EU Parliament committee approves ban on the import of seal products
EU Parliament committee approves ban on the import of seal products BRUSSELS (AP) - A European Parliament committee has approved a proposal that would prevent EU countries from importing seal products.The proposed ban, approved Monday by a 27-7 vote, would not affect imports from Canada's and Greenland's Inuit communities.The vote appeared to reflect Europe's widespread public opposition to seal hunting, which many people regard as cruel.To become law, the ban on products such as pelts, blubber, oil and meat would still need the approval of the entire EU assembly and EU governments.Nordic EU countries such as Denmark, Sweden and Finland have opposed such a ban, and EU legal experts say it could violate world trade rules.Canada and Greenland have warned the EU that they could challenge such a ban before the World Trade Organization.
EU panel OKs partial ban on seal products
Last Updated: Monday, March 2, 2009
The Canadian Press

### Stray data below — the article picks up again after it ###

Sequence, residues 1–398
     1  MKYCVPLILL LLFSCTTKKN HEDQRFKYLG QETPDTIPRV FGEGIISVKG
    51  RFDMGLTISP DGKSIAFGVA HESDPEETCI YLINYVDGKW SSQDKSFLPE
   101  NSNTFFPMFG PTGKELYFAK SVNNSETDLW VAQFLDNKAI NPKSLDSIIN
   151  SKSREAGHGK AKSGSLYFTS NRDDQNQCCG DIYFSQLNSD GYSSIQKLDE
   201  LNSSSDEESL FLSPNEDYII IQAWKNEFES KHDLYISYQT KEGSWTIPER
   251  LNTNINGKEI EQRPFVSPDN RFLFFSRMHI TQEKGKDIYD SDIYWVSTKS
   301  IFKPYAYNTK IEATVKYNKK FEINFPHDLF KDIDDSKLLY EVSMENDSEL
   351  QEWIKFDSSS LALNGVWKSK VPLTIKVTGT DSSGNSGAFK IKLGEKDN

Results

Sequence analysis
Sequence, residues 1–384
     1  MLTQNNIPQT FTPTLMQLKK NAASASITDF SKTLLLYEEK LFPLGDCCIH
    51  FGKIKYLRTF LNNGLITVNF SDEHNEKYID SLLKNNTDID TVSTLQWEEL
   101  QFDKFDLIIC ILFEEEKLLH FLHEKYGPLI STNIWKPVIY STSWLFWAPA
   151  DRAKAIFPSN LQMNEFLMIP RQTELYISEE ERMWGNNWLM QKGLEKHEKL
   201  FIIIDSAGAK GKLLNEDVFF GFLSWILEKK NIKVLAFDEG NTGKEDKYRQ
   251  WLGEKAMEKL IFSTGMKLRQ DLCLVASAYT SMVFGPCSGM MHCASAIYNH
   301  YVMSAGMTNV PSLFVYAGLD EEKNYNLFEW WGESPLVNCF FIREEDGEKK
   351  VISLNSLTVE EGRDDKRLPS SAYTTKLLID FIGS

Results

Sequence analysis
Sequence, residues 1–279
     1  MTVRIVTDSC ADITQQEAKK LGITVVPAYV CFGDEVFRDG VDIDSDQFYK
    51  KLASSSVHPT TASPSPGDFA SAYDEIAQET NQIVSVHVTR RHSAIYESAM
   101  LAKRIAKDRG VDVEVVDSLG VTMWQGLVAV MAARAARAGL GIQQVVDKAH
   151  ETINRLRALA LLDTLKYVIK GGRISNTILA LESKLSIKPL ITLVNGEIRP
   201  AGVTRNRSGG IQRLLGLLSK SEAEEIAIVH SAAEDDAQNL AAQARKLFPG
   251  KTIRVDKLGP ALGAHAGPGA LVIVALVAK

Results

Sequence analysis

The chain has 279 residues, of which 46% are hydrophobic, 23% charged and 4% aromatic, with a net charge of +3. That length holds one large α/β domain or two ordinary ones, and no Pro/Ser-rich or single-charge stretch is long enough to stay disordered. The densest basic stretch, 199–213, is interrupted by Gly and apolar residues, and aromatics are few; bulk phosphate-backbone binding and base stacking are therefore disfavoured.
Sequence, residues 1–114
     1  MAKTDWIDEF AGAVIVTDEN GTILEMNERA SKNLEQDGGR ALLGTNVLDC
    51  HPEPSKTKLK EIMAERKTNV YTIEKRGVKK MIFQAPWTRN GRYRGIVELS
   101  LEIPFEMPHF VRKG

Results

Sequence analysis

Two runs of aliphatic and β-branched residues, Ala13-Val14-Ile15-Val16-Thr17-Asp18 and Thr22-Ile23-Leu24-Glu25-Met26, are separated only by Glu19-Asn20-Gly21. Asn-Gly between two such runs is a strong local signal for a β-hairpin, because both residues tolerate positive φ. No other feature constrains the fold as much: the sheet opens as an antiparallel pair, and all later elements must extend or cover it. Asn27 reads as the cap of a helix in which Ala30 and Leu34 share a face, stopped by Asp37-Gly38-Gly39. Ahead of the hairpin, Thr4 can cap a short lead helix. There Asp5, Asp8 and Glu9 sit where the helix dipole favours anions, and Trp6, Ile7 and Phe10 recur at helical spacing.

A European Parliament committee has backed a proposal for a partial ban on the import of seal products from Canada and other sealing countries.The legislators rejected an initial bill that recommended tough labelling rules instead of a ban.The amended bill, approved by a vote of 27 to 7, calls for a ban but includes an exemption for Canada's and Greenland's Inuit communities.The European Parliament is scheduled to vote on the proposed ban April 2. The European Council will then make a decision on the matter, likely in June.Canadian politicians, including Sullivan and federal Fisheries Minister Gail Shea, have met with their European counterparts in recent weeks in an effort to convince them that the commercial harp seal hunt is humane.The import ban could deliver a devastating blow to Atlantic Canadian fishermen who rely on the annual hunt as a source of income, shutting down critical shipment points, including in Holland and in Germany.Canada's largest markets for seal products, such as Russia, China and Norway, are outside the EU. But sealing industry experts fear a ban would curb the demand for seal fur from the fashion industry and disrupt shipping routes.In the past three years, the total allowable catch in Canada has hovered between 270,000 and 335,000 seals annually.Shea is expected to announce this year's seal hunt quota by the middle of this month.Nordic EU countries, including Denmark, Sweden and Finland, have all voiced opposition to a ban on seal hunting